- ECM (Engine Control Module): The ECM ensures optimal engine performance by reading the valves from sensors within the engine bay. If your check engine light comes on or your car isn’t starting, your ECM is going bad.
- Fuel injector: The fuel injector transfers fuel into the engine and is responsible for power, fuel efficiency, emission performance and more! If the inside of your car starts to smell like gas, your fuel injectors could be going bad.
- Engine sensors: Engine sensors monitor all the important functions of an engine such as emission control, fuel efficiency, transmission shifting, cruise control and more! Your check engine light will go on or you’ll get bad gas mileage when your sensors begin to go bad.
- PCV (Positive Crankcase Ventilation): a malfunctioning crankcase ventilation can result in more air than fuel resulting in an engine misfire. A faulty PCV will result in excessive oil consumption or your oil leaking.
- Tailpipe: The louder the noise from the tailpipe the more likely you’ll have to get it replaced. Engine performance also suffers.
- Catalytic Converter: The catalytic converter uses a chemical reaction to convert gasses into something less harmful to yourself and the environment. When your catalytic converter starts going bad your vehicle may not start and if it does you’ll most likely fail an emissions test. It also negatively affects acceleration and your fuel efficiency will suddenly drop.
Powertrain and Driveline
- Engine: Your engine is the heart of your vehicle and all the parts on this page work to keep it moving. If your check engine light goes on, you start to lose power and your gas mileage plummets, it’s time to get your engine checked out. Regular engine maintenance can save you thousands in repair bills.
- CV Joint and/or boot: You’ll know your CV joints are going bad if you hear loud clicking noises or there is excessive vibration while you’re driving.
- Transmission: A transmission shifts the gears in your car and is one of the most expensive fixes on your vehicle. Like regular engine maintenance, regular transmission maintenance can save you thousands in repair costs. If your vehicle shifts roughly or it starts to slip, your transmission needs immediate service or repair.
- Wheel bearing: The wheel bearing allows your tire and wheel assemblies to spin as fast as possible with the least amount of friction. You’ll know your wheel bearings are going bad when you hear knocking, humming, snapping, clicking or popping while driving.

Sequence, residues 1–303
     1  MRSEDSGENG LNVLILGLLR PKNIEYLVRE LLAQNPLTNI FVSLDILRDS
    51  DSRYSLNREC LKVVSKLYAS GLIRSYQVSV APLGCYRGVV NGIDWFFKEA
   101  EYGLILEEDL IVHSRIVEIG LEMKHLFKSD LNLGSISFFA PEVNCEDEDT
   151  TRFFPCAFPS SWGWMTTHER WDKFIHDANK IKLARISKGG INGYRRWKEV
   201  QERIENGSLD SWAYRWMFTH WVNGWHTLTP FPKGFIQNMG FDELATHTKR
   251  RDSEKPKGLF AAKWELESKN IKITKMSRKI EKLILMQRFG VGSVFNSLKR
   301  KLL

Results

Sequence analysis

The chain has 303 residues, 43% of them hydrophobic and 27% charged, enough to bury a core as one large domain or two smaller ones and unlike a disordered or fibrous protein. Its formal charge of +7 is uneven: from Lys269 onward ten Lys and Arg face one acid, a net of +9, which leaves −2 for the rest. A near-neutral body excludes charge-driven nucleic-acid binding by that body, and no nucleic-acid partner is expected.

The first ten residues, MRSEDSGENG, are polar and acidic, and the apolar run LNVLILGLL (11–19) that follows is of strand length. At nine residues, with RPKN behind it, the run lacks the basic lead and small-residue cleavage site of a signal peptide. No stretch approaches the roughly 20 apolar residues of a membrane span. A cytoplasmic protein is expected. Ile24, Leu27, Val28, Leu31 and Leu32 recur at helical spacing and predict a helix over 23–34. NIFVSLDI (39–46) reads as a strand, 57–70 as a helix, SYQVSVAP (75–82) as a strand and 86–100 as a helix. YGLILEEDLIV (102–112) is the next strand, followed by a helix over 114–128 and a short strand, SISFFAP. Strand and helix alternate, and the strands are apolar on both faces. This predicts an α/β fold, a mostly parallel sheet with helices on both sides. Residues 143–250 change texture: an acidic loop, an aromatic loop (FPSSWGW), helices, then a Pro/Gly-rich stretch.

- Flywheel: The signs that you need a new flywheel are gear slippage, a burnt smell, and clutch vibrations.
- Differential: Your differential is responsible for splitting your engine torque. A bad differential is evidenced by vibrations and noises such as clunking, howling or whining.
- Clutch: Your clutch connects your engine to your wheels. If your clutch is going bad you’ll have trouble shifting accompanied by a burning smell.
- Struts: The struts absorbs all the bumps you experience while driving. You’ll know your struts are going bad with noticeable tire shaking or vibration when hitting a bump.
- Shocks: Shocks keep your car from bouncing up and down. You can test your shocks out by pushing down on the corner of your vehicle. If it starts to bounce when you let go, your shocks may need to be replaced.
- Strut mount: The strut mount insulates vibrations from the vehicle. If there is oil on the strut or noise from one area of your car your struts may need to be changed.
- Coil springs: Coil springs don’t exactly wear out but they will eventually begin to sag and will need maintenance.
- Ball joint: The ball joint connects the control arm to the steering knuckles. Common signs of failing ball joints are clunking noises and vibration.
- Control arm: The control arm connects the wheel hub and steering to the chassis. Common symptoms of a bad control arm are wheel vibration, a wandering steering wheel, and clunking noises.
- Bushing: A bad bushing is signaled by a sluggish response to your vehicle’s handling as well as rattling or squeaking noises from under the car.
Belts, Filters, and Hoses
- Radiator hose: The radiator hose keeps coolant flowing through the engine to keep it cool. If your coolant levels are low or leaking or your engine is overheating, your radiator hose may be going bad.
- Engine, fuel and oil filters: Filter help remove excess contaminants from your oil to keep your engine clean. Bad filters result in lower MPG and sluggishness while driving.
- V-ribbed serpentine belt: V-Belts run on the outside of the engine and power the alternator and AC compressor. If your power steering goes out or your AC stops working, your V-Belt needs to be replaced.
- Air conditioning hose: An air conditioning hosed is designed to allow refrigerant to flow through the AC system. If your AC stops blowing cool air, you’ll know it needs to be replaced.
- Timing belt: The engine timing belt syncs the rotation of the crankshaft with the camshaft so the engine’s valves open and close. When your timing belt goes bad, your engine will go bad! It’s best to keep tabs on when you changed your timing belt and get it replaced before it’s too late!
- Heater hose: The heater hose is made to transfer coolant from the engine to the heater core. If your coolant is leaking or your engine is overheating, you need a new heater hose.
- Idler Arm: If your vehicle is floating or wandering while driving, your idler arm could be going bad.
- Pitman Arm: Poor Steering is a good indication that your Pitman arm is going bad. Floating and wandering while driving is also an indication you need a new Pitman Arm.
- Tie-rod end: When your tie rod is going bad, your front alignment is off and you’ll have loose steering.
- Rack-and-pinion: Loose steering and persistent knocking are signs of a bad rack and pinion.
- Power steering: If your steering wheel feels off or you hear a squealing noise, your power steering may be going bad.
If you have any issues with your car, truck or SUV stop by Eddie Posey Garage here in Huntsville and have our mechanics take a look. We want to ensure you get where you are headed safely and avoid high repair costs.